HDL – a mixture of both low levels of cholesterol (10-30%) and low level of TAG (5-10%)
HDL is good because it picks up cholesterol and brings it back to the liver
HDL like VLDL is also made by liver
It goes out and picks up cholesterol and brings it back to the liver where it is engulfed
and removed
Liver
Clearing house for cholesterol- also synthesizing house of cholesterol?
Rich in cholesterol
Bile carrying cholesterol goes into the intestine and eventually outside the body – thus
removing cholesterol (no need for degradation)
Muscles don't have bile so can't get rid of cholesterol
LDL
enriched in cholesterol and cholesterol esters
high LDL = high cholesterol = high risk
function: to transport cholesterol from the liver to other tissue
Liver surface proteins called the LDL receptor recognizes LDL ( just like the remnant receptors
that recognize chylomicrons)
These receptors bind to LDL and allow its uptake by liver cells where they are digested by the
lysosomal system ( after cholesteryl oleate and proteins are separated)
Receptors are then recycled back to the plasma membrane
LDL thus enter the cell via receptors through a process called receptor mediated endocytosis
Receptor mediated endocytosis- LDL binding, internalization- lysosomal hydrolysis
If the LDL receptor is impaired, it will actually promote a rise in the cholesterol, especially following
high VLDL
LDL levels remain elevated in the blood
this problem is called hypercholesterolemia – too much cholesterol in the blood- indicator of
high risk cardiovascular disease
This problem is often inherited- FH = familal hypercholestero,ia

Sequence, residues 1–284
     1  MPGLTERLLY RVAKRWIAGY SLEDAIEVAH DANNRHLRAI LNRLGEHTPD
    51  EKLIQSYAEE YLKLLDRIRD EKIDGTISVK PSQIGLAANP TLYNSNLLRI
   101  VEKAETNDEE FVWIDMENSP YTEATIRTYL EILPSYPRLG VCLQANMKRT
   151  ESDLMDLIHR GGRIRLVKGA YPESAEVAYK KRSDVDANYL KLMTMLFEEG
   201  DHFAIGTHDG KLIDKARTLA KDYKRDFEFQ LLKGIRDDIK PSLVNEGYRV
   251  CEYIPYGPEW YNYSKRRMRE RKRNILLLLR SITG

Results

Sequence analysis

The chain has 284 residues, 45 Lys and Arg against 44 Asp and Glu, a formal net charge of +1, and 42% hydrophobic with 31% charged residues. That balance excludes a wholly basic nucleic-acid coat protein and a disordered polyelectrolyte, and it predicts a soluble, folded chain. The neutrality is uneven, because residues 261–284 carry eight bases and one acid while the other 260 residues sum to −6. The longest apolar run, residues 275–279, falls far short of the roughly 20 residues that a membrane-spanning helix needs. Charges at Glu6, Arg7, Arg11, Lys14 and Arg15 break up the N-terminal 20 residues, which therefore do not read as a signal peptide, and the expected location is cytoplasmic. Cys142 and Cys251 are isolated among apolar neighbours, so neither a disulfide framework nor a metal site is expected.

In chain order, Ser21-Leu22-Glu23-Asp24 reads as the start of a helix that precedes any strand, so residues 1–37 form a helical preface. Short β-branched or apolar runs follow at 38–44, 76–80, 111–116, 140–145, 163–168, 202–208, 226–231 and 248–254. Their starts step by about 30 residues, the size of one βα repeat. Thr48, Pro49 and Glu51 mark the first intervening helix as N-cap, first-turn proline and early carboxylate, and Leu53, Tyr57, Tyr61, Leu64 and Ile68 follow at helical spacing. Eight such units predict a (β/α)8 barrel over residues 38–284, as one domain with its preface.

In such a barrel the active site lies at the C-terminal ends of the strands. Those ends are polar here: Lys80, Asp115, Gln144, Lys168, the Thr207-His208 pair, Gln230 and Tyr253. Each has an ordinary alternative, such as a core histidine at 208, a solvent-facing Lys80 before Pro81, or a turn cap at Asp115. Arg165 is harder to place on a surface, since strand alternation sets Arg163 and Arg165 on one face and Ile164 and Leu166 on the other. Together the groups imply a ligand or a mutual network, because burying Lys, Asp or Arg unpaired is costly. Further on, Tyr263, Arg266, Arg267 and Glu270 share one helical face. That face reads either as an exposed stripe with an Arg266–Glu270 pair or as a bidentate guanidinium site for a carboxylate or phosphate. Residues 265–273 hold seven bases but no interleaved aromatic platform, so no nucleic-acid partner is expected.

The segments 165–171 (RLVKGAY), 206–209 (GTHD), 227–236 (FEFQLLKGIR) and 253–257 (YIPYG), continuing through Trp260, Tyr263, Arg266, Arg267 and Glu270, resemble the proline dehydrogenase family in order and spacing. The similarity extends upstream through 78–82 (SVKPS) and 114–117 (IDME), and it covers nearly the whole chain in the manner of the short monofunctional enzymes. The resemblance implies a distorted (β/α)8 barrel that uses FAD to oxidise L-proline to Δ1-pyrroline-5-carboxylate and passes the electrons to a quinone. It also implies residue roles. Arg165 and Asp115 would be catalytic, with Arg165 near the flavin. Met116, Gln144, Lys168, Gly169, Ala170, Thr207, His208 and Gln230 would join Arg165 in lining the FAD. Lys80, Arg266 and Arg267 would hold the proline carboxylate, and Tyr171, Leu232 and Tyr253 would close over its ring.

It could be that the receptors aren't working (smoking, eating habits) or simply that you
have fewer receptors if you have one bad copy of the gene (Aa)
LDL particles if prolonged in the circulatory system (as they are not being sucked up by receptor
mediated endocytosis, it increases the chance of going into the artery wall.
LDL arterial pathology- artherosclerotic plaque ***Only in muscle cells?
LDL can be modified by oxidation reactions- promotes LDL entry into the arteries
If you have high LDL levels + you smoke -(increase oxidated LDL), it means that LDL will
be taken up by arteries more often instead of the liver. This will increase your risk of getting
CAD or a stroke
Arteries cannot handle the fat in LDL well
Also cholesterol which is difficult to degrade -can't get out of the artery wall- it's stuck inside,
making the situation worse
This is because artery is not well supplied with blood capillaries coming to the outside
With LDL coming in, pressure builds up and the exit blood capillaries flatten out
With low diffusion of LDL out, cholesterol accumulates as LDL particles are trapped in
muscle cells
These stuck oxidated LDL in arteries trigger inflammatory response
They bind to connective tissues and release signal traces to attract cell white blood cells to enter
White blood cells act as macrophages and eat up LDL particles but it can degrade everything
other than cholesterol
The macrophage gets bigger and bigger to form foam cell
The foam cell tries leaving but it's too big (so while white blood cells could come in they can't
go out)
Eventually the foam cell dies and dumps all its cholesterol against the artery wall
Cholesterol and proliferation muscles building up (proliferation is turned on by cholesterol
being dumped on the artery wall)
Smooth muscle also produce connective tissue spread over the artery wall forming a cap
Now instead of a smooth wall you have a bump causing the formation of a thrombus from
platelets to become activated
Blood will start spiraling when it hits the bump, reactivating particles in the cell called platelets
This causes stenosis, turbulence in the blood flow, aggregation in platelets in thrombus
Thrombus breaks off into embolous – takes off speech
After years of buildup, the cholesterol rich lipid pool and connective tissue cap form a large
Atherosclerotic plaque
The blood consists of:
Red blood cells
white cells
Platelets
important in blood coagulation as the cells stick together when they are activated